Specific exercises help to boost memory, and this is one of them
I have always loved working out at the gym. This all started with our sports hour in high school, and one of the options was to work out in a gym setting. Although I was very young at the time, and it was an aerobics class — I lost myself in it. I was in my sweatpants, discouraged about my choice of clothing and the awkward coordination of keeping up with the instructor. But at least I had friends to laugh with, which made all the difference. But some people are nipped by the gym bug early, and some don’t enjoy it. The gym setting became my happy place well into my teens. If I had a coach back then, perhaps it would have made an athlete out of me. We should encourage our children to work out — and the gym is one of the safest places to do so. It’s not just for boys getting together to lift weights. Girls/women are just as capable. Weight training is not only a great way to reshape your body and lose weight, but it’s also great for your memory. To test this theory’s validity, the researcher conducted a funny exercise. They got several people to look at a series of 90 photos on a computer screen, showing positive and negative images. (these photos were either kids on water slides or mutated bodies with clock images thrown in the mix — extraordinarily strange if you ask me, lol). All participants weren’t asked to remember the images. Instead, everyone sat at a leg extension machine. Half of them extended and contracted each leg at their maximum effort of 50 times. The control group just sat in the chair and allowed the machine and the experimenter to move their legs. While this was happening, all participants had their blood pressure, and heart rate monitored. In addition, saliva samples were also taken to detect stress markers. After 48 hours, the participants returned to the lab and saw more photos with the old ones in the mix. The control group recalled 50 per cent of the photos from the first session, whilst the exercised group remembered 60 per cent. What can an hourly workout do for you if a simple exercise like leg extensions can boost your memory in such a small way? You don’t have to do a lot of weight training to gain the memory-increasing benefits. Exercises like squats, knee bends and deadlifts would produce the same results — perhaps even more substantial ones. Participants who exercised showed the highest psychological responses to the positive and negative images. Although this study was conducted on young adults, there are many benefits that older adults can attain.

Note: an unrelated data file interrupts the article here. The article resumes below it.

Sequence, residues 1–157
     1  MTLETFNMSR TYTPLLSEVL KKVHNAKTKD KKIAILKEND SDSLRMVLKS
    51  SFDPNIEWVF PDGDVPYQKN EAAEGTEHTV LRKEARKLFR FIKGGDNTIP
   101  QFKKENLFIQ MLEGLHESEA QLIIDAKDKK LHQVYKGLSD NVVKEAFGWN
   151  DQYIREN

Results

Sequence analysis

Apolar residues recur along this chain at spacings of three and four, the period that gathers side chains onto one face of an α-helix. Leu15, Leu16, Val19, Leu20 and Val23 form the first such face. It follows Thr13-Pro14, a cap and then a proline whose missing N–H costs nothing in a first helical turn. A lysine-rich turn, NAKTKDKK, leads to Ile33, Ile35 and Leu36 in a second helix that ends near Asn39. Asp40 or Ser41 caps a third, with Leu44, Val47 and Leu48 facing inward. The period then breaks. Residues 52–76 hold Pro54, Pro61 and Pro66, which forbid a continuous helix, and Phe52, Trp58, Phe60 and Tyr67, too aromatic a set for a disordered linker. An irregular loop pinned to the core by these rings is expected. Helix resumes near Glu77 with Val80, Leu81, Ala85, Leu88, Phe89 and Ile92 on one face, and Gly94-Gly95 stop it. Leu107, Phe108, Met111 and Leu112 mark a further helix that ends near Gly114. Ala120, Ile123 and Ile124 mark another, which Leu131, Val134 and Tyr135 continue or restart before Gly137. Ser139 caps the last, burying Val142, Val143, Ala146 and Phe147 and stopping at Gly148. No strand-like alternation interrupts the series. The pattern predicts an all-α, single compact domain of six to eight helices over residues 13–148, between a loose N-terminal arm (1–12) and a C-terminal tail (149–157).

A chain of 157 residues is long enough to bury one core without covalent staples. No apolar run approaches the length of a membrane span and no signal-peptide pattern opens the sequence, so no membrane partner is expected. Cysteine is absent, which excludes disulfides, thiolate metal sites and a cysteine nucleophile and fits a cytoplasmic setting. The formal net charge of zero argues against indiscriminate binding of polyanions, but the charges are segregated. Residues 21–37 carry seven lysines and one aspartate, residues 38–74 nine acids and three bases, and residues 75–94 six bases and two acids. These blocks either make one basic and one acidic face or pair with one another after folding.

Key take away
To improve your memory and psychological response, take some form of weight-bearing exercise throughout the week. Do you only have 30 minutes? Then, why not try some circuit or a specific weight training program? Set some goals for your health and body shape — and whilst that improves every time you train, think of all the memory improvements that will come with it.
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